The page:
Friday, August 15, 2014

Certificates of Merit are Not Required to Assert Third-Party or Cross-Claims Against a Design Professional in Texas.

In certain states, a plaintiff seeking to file a lawsuit against a design professional (such as an architect or engineer) based on the provision of professional services must include a “certificate of merit” with the initial pleading. In Texas, this certificate must be a sworn affidavit from a professional with the same license as the defendant that is knowledgeable in the defendant’s area of practice. Tex. Civ. Prac. & Rem. Code § 150.002. It must specifically describe the allegedly negligent acts of the defendant, including the factual basis for each claim. Id. Failure to file the certificate of merit with the initial pleading will result in dismissal, possibly with prejudice. Id.

As a practical matter, this requirement has created tactical problems for general contractors and other construction companies whose scope of work includes responsibility for design. If an owner sues a general contractor for damages arising from alleged design problems, the general contractor must evaluate whether to bring in its design professional as a third-party defendant to bear responsibility for the claims. If the certificate-of-merit requirement applies to such claims, then the general contractor is left with the dilemma of deciding whether to provide sworn proof of the design problems (potentially admitting the general contractor’s liability to the owner) or refraining from joining the design professional (and therefore giving up the benefits of seeking indemnity while the owner’s lawsuit is pending).

In Texas, this issue was recently resolved. In Jaster v. Comet II Construction, the Texas Supreme Court held, in a 5-4 plurality opinion, that defendants and third-party defendants who filed third-party claims or cross-claims against design professionals are not required to file certificates of merit accompanying those claims.

The Court’s decision rested on an analysis of the language of Chapter 150 which requires “the plaintiff” in “any action or arbitration proceeding for damages arising out of the provision of professional services by a licensed or registered professional” to file a certificate of merit (an affidavit signed by a design professional specifically stating what was done incorrectly) with the petition. The Court drew a distinction between “plaintiff” and “third-party plaintiff”/ “cross-claimant” by finding that a plaintiff initiates the lawsuit whereas a “third party-plaintiff”/ “cross-claimant” does not. The Court also found support for that distinction when it interpreted “action” to mean the filing of a lawsuit as opposed to “causes of action” which are the individual claims that make up a lawsuit. The action would be filed brought by the plaintiff as well as causes of action whereas only causes of action would be brought by third-party plaintiffs/cross-claimants.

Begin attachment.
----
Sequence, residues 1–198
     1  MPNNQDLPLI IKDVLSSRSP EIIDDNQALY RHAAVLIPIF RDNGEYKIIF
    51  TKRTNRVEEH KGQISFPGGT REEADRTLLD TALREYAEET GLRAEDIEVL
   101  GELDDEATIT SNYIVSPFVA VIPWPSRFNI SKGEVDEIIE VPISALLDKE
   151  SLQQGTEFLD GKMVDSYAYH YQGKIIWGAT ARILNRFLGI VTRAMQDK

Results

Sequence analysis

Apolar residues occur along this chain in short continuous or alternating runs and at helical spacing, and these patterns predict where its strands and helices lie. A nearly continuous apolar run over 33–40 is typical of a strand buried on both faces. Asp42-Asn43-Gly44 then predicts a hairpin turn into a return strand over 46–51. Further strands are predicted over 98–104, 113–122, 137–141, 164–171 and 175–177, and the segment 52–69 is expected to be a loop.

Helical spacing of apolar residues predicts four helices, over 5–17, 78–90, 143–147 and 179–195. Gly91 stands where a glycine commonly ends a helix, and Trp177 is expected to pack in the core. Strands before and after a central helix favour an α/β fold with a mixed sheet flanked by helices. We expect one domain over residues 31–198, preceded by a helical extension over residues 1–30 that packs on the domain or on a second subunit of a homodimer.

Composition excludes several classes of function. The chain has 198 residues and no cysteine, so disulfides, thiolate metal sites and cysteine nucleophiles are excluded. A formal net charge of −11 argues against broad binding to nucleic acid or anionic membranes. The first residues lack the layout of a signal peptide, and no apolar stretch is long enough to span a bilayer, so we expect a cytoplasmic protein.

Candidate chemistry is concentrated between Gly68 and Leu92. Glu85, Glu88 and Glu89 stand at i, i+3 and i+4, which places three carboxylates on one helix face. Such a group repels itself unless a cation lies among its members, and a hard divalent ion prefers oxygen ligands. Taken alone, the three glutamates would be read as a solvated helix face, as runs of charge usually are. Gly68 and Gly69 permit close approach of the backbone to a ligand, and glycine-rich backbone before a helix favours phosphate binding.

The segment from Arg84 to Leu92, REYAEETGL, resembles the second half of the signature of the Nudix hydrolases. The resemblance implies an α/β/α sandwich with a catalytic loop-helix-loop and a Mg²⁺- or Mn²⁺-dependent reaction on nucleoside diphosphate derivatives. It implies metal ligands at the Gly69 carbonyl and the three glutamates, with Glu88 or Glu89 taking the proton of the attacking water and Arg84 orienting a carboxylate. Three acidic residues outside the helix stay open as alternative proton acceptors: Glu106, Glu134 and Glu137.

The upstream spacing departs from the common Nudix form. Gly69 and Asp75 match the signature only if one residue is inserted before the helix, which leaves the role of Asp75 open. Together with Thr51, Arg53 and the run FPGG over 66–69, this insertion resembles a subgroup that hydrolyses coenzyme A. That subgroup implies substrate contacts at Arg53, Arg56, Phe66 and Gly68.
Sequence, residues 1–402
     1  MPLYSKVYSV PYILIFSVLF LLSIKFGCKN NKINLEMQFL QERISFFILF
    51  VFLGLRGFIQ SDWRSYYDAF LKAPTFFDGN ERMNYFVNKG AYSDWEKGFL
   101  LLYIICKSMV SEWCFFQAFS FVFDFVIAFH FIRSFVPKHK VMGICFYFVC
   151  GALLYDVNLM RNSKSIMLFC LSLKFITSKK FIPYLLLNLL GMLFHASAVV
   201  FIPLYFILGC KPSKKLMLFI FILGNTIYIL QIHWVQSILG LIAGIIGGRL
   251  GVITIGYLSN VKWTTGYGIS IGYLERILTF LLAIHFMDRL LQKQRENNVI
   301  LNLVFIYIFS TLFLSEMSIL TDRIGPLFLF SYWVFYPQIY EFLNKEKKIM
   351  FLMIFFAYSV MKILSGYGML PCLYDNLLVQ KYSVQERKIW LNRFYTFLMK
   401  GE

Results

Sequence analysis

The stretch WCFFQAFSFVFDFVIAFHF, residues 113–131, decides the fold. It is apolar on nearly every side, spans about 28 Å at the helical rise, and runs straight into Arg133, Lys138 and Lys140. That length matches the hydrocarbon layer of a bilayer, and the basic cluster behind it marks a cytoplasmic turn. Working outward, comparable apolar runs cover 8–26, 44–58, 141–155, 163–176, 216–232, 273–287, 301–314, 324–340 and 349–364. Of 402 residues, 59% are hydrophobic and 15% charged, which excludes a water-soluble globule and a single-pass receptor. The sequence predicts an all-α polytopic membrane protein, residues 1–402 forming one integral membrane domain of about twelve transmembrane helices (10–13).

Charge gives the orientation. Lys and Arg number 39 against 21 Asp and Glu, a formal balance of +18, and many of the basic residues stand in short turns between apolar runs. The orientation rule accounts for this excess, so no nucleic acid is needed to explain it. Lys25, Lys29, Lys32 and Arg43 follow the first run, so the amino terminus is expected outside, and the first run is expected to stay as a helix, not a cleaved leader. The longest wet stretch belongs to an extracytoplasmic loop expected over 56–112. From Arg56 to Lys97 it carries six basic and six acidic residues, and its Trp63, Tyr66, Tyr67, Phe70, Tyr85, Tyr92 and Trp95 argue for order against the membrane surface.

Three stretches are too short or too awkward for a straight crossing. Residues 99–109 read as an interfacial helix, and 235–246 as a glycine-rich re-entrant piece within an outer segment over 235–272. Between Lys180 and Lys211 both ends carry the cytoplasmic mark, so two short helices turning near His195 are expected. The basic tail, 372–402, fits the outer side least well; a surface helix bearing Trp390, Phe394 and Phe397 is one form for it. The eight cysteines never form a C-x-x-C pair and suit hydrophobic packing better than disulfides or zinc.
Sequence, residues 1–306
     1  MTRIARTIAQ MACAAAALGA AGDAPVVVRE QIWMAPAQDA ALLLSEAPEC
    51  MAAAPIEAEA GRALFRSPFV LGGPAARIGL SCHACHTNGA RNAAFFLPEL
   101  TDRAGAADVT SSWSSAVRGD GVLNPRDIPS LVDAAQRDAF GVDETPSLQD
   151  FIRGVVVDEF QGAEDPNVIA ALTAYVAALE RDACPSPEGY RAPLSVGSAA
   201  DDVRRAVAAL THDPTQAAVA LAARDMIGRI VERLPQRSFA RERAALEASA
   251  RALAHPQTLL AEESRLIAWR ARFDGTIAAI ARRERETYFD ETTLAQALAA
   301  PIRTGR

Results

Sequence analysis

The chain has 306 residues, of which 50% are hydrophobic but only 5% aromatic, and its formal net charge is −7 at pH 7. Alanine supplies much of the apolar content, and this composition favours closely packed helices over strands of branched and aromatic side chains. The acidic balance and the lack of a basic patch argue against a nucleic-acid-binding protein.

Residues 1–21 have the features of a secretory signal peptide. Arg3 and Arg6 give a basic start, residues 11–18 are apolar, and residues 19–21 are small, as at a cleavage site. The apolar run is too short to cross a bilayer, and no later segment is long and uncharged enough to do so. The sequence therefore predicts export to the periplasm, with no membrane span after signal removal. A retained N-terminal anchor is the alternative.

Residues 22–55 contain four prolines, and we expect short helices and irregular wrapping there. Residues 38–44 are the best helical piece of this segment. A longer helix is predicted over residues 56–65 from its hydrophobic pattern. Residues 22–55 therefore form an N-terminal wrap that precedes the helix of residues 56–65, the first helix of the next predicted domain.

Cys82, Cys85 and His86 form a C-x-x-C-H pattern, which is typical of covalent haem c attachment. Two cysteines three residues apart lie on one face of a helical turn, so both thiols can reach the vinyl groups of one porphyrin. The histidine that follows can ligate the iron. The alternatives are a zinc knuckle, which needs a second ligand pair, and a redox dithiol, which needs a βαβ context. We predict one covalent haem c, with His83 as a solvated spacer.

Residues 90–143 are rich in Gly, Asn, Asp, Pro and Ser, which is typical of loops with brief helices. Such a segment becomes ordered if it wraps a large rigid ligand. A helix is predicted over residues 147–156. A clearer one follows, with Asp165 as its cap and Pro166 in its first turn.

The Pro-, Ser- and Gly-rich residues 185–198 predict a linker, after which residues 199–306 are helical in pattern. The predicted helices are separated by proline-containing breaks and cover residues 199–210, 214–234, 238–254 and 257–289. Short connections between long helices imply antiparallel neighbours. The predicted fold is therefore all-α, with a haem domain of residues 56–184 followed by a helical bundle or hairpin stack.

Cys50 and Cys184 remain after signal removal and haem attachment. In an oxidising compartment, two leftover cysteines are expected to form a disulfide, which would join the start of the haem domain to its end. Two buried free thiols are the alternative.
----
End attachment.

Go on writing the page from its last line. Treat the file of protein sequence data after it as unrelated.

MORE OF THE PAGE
The Court explicitly did not render an opinion as to whether, in multi-plaintiff suits, each plaintiff would be required to submit a certificate of merit, as that issue was not before the Court.

Notably, there is no majority opinion in this case, which means that the case technically cannot be used as binding precedent. However, the similarity of the concurrence written by Justice Willet to the plurality opinion written by Justice Boyd makes it likely that lower courts can and will consider the majority opinion binding. The concurrence takes the same textual approach as the plurality but instead of focusing on the distinction between “plaintiff” and “third-party plaintiff”/ “cross claimant” the plurality honed in on the phrasing of the statute that describe “the plaintiff” and “the complaint.” The concurrence found that the modifier “the” means a singular plaintiff, thus excluding later claimants, and the initial pleading, not subsequent causes of action added to the complaint. Thus, coming to the same conclusion as the plurality, that the first plaintiff filing the original petition must include a certificate of merit, but subsequent third-party plaintiffs and cross-claimants need not.

Thanks to Nick Brooks at Griffith Davison & Shurtleff, P.C. for assistance with preparing this post.

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